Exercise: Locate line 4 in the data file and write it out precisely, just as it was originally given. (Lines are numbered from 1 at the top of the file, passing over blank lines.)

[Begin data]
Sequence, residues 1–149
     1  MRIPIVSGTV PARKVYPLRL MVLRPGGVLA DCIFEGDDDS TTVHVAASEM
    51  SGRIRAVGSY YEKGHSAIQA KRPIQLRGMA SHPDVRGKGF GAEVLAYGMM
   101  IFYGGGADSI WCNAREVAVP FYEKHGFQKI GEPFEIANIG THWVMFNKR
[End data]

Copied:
   101  IFYGGGADSI WCNAREVAVP FYEKHGFQKI GEPFEIANIG THWVMFNKR